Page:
OK, so a while back we decided that it would be a good idea for requests to contain headers that can be mapped to the headers of the underlying protocol.
Now that I'm actually implementing said protocols (HTTP at the moment), it's becoming clear that there is *no* reason to impose a 1:1 correspondence between Remoting requests and requests within the underlying protocol; in fact there are many reasons not to (at least within HTTP).
First of all, due to the relatively high overhead of HTTP, it is much more effective to send multiple messages in one request or reply; especially since messages may be quite small individually. This of course is impossible if a single Remoting request demands a single HTTP request.
Second, not all Remoting messages correspond to requests. Many messages, such as stream data, or service location messages, can vary in size and frequency as well.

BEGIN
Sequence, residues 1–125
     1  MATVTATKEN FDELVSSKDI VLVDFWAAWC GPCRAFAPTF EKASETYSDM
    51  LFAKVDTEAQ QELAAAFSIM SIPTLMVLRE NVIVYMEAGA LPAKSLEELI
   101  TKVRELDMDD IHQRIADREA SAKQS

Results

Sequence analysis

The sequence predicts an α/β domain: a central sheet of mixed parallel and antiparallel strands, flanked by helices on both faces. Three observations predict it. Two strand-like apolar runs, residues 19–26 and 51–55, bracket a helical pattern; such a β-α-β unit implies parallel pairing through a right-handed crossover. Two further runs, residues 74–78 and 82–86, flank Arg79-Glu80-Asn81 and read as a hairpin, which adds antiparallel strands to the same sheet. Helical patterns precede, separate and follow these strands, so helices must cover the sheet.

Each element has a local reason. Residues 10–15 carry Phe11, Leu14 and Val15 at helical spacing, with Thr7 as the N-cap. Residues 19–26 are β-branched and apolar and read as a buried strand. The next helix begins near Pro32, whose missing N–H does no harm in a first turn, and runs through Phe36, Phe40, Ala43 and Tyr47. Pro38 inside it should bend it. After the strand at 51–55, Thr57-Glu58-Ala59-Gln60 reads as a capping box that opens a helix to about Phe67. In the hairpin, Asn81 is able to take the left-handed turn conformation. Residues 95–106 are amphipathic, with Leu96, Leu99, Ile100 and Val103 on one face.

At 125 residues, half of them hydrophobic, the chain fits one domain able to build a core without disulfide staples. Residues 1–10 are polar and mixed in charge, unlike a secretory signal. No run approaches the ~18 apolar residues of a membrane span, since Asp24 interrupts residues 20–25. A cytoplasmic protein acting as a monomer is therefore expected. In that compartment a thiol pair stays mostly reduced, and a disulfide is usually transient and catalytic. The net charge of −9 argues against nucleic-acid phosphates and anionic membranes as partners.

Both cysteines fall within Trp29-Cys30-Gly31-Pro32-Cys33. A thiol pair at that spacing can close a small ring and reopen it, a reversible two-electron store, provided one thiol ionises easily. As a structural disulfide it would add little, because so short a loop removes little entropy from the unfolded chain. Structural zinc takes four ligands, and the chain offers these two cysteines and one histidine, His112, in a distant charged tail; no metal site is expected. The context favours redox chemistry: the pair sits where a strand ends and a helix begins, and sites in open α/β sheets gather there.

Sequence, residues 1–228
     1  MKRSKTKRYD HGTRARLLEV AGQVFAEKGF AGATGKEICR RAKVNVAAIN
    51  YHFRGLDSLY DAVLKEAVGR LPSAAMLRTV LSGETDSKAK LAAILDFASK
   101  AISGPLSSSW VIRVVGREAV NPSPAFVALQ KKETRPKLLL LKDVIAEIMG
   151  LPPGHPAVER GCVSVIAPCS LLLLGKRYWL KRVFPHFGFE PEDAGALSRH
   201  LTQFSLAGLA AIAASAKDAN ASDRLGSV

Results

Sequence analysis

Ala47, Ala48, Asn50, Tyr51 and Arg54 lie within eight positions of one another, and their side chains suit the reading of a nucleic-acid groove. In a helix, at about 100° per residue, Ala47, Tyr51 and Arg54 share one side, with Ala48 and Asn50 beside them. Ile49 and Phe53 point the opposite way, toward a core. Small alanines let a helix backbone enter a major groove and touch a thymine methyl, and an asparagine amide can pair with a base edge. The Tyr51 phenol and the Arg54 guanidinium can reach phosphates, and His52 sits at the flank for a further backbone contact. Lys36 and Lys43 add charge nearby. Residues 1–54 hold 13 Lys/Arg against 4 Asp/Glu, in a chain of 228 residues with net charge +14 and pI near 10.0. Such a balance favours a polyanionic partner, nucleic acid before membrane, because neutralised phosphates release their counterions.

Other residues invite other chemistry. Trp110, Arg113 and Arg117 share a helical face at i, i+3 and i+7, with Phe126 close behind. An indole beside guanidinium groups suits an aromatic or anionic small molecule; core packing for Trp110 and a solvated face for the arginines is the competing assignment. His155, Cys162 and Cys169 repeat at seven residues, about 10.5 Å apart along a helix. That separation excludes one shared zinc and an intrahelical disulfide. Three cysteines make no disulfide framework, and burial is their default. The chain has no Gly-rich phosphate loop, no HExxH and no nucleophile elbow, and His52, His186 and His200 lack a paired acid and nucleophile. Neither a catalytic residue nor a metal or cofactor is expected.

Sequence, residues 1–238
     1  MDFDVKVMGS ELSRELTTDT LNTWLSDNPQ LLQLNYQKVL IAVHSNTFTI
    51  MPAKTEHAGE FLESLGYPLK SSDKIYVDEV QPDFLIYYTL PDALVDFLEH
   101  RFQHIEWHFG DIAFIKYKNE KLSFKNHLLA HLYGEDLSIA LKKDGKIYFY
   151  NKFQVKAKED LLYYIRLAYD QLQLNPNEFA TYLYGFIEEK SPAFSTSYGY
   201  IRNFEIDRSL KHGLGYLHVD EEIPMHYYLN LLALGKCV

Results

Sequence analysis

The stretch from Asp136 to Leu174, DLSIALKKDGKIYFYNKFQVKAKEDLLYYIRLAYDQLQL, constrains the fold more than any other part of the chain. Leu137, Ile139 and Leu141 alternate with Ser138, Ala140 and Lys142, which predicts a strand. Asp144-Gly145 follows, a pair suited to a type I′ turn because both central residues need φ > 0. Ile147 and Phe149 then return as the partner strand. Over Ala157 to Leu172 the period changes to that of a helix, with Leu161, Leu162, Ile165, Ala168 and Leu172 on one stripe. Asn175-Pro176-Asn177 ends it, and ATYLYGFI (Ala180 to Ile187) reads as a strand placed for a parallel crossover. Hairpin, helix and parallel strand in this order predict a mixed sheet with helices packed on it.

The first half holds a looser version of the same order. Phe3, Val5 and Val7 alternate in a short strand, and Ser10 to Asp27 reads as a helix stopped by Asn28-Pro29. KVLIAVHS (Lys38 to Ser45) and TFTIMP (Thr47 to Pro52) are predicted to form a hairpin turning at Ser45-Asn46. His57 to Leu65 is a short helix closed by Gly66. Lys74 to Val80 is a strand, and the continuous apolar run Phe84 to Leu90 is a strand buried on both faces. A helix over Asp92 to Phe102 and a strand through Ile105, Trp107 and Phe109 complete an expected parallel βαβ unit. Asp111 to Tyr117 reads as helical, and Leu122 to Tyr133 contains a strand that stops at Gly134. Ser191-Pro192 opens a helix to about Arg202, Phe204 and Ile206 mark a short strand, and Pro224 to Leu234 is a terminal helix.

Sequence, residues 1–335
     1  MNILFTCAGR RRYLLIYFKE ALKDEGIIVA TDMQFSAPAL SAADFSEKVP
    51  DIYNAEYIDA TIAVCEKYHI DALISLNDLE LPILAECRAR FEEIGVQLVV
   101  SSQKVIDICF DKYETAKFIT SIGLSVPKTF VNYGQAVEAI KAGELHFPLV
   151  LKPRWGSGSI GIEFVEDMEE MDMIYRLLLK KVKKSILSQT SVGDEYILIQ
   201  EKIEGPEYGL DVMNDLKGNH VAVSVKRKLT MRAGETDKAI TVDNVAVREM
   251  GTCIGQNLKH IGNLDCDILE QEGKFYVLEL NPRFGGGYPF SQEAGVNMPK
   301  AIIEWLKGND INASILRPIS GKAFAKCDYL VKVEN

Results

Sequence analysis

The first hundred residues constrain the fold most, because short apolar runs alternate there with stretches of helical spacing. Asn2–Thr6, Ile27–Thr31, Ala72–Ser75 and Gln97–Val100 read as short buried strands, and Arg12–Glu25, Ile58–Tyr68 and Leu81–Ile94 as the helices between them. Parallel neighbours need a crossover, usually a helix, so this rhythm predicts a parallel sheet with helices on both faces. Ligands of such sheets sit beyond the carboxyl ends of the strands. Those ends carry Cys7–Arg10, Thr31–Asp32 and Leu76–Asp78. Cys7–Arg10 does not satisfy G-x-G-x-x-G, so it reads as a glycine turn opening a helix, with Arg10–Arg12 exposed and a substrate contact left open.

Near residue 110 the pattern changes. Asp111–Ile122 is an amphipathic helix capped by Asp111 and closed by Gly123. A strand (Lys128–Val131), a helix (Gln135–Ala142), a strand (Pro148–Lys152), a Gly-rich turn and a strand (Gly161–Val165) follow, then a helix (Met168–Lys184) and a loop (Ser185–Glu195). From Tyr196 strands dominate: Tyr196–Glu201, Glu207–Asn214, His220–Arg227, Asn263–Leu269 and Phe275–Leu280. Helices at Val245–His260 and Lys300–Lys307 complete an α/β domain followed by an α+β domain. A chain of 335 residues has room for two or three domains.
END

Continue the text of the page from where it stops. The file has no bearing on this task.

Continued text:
Third, in the presence of any protocol in which there are multiple possible channels operating in parallel, it is harder to maintain ordering constraints (in other words, guarantee that message B is processed after message A) when every message must be sent separately, possibly over different connections. When a series of messages are all sent together in a single request, ordering is guaranteed for that group of messages, which will greatly improve latency.
Fourth, the actual payload of a Remoting message is a black-box to users. The user cannot reliably perform any higher-level routing or other message manipulation on a finer level than a per session basis anyway. So there's no real benefit to putting extra data outside of the Remoting request itself.
I tried out this change in my local codebase, and by the time I was done I'd eliminated Request and Reply altogether and made the API quite a bit simpler to use (have a look at the updated Context interface). It looked so much nicer that I committed it. Comments welcome.